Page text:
Quote Originally Posted by wolfi323 View Post
    ???
    I think you are talking about something completely different...

    The official AppStream specification and documentation (http://www.freedesktop.org/software/appstream/docs/) doesn't mention anything about code-writing or version tracking at all.

    Here's the "Abstract", btw:
    I guess this is an example of seeing the forest for the trees.
    Yes, you can look only at the types of metadata tags that are specified narrowly and might I note that the specifications are intentionally fairly loose, to likely give Users latitude for real world implementation. I don't see anything that would be considered for example "syntax" -- ie. if not constructed in a very strict way, it would be a violation.

    Or, you can look at the "Why?" and "How do we use this stuff?" and "What are people actually doing with it?" of how those metadata tags are used.
    I prefer looking at technology this latter way to understand the <practical use> of the technology rather than only what is in a basic specification.

    TSU

  10. #10

    Default Re: AppStream: What Problem Does It Solve?

    Quote Originally Posted by tsu2 View Post
    I guess this is an example of seeing the forest for the trees.
    Yes, you can look only at the types of metadata tags that are specified narrowly and might I note that the specifications are intentionally fairly loose, to likely give Users latitude for real world implementation. I don't see anything that would be considered for example "syntax" -- ie. if not constructed in a very strict way, it would be a violation.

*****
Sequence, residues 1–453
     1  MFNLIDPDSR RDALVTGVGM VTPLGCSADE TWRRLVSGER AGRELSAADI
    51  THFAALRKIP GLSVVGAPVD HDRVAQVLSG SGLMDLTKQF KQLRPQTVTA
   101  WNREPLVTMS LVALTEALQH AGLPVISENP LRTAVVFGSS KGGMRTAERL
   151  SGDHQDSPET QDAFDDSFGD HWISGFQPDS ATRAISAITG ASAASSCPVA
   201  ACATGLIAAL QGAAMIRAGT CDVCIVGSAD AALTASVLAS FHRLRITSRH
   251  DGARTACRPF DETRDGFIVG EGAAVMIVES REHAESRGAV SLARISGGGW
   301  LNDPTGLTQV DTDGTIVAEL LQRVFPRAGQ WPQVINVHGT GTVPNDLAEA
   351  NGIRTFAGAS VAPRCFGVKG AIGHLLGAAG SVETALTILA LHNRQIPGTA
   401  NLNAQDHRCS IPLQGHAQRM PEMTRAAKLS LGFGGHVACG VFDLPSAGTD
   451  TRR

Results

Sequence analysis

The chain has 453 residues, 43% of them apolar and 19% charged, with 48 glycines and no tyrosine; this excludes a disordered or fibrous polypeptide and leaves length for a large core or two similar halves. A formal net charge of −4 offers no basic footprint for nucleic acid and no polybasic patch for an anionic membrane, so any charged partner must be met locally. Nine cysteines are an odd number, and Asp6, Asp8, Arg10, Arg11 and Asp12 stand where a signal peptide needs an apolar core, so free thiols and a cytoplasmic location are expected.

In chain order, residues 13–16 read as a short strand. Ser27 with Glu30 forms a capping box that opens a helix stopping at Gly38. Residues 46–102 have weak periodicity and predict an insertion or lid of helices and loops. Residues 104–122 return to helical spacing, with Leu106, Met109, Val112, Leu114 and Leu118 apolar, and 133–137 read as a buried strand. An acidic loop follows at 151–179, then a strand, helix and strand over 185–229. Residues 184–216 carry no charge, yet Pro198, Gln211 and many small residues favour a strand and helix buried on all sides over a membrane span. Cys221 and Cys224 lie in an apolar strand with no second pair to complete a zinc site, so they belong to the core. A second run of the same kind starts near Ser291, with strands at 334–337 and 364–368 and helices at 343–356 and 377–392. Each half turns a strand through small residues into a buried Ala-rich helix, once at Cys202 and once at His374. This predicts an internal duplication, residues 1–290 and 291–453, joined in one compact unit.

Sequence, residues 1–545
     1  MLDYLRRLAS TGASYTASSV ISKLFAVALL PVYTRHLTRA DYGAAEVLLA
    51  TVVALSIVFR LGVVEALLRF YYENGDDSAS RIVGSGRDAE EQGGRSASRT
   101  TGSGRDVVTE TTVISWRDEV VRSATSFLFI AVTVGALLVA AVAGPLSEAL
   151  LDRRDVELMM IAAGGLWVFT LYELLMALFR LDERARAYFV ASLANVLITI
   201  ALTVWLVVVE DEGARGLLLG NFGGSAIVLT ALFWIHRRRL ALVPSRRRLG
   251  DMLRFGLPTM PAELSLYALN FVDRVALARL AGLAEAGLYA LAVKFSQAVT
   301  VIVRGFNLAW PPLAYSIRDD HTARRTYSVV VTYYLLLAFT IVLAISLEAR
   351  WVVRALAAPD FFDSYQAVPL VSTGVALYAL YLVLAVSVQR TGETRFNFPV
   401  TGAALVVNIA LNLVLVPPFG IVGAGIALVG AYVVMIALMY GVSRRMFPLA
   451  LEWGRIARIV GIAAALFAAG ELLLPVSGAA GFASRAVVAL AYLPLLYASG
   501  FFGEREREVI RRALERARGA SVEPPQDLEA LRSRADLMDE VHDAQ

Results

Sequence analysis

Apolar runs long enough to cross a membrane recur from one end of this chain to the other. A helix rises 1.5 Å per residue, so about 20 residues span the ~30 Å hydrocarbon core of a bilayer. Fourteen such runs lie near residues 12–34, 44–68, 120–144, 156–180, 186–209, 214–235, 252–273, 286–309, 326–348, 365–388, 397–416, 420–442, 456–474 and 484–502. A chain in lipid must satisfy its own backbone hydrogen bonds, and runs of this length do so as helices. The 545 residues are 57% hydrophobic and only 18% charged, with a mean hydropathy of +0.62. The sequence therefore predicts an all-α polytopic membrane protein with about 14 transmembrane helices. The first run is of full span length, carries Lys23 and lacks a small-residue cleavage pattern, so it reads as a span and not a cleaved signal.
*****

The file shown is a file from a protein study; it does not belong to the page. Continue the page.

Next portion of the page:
And what about this e.g.?
    http://www.freedesktop.org/software/...plication.html

    AppStream is exactly about specifying how to provide the metadata and what metadata to provide. That's the main point.

    Of course you can use a similar syntax (it's just XML anyway) with different tags and metadata for completeley different things, but don't call it AppStream then.

    Or, you can look at the "Why?" and "How do we use this stuff?" and "What are people actually doing with it?" of how those metadata tags are used.
    I prefer looking at technology this latter way to understand the <practical use> of the technology rather than only what is in a basic specification.
    The practical use of this technology (as intended by the designers) is to allow software centers to present more information about applications available for installation to the user.

    But if you wanted to implement such a system you talked of, using AppStream as a base would be plain non-sense IMHO.
    It is intended for something completely different.

    And metadata tags that describe an application on a user level, provide screenshots of it, ... have nothing to do with (and cannot be used for) code-writing and version control, regardless of how you look at it...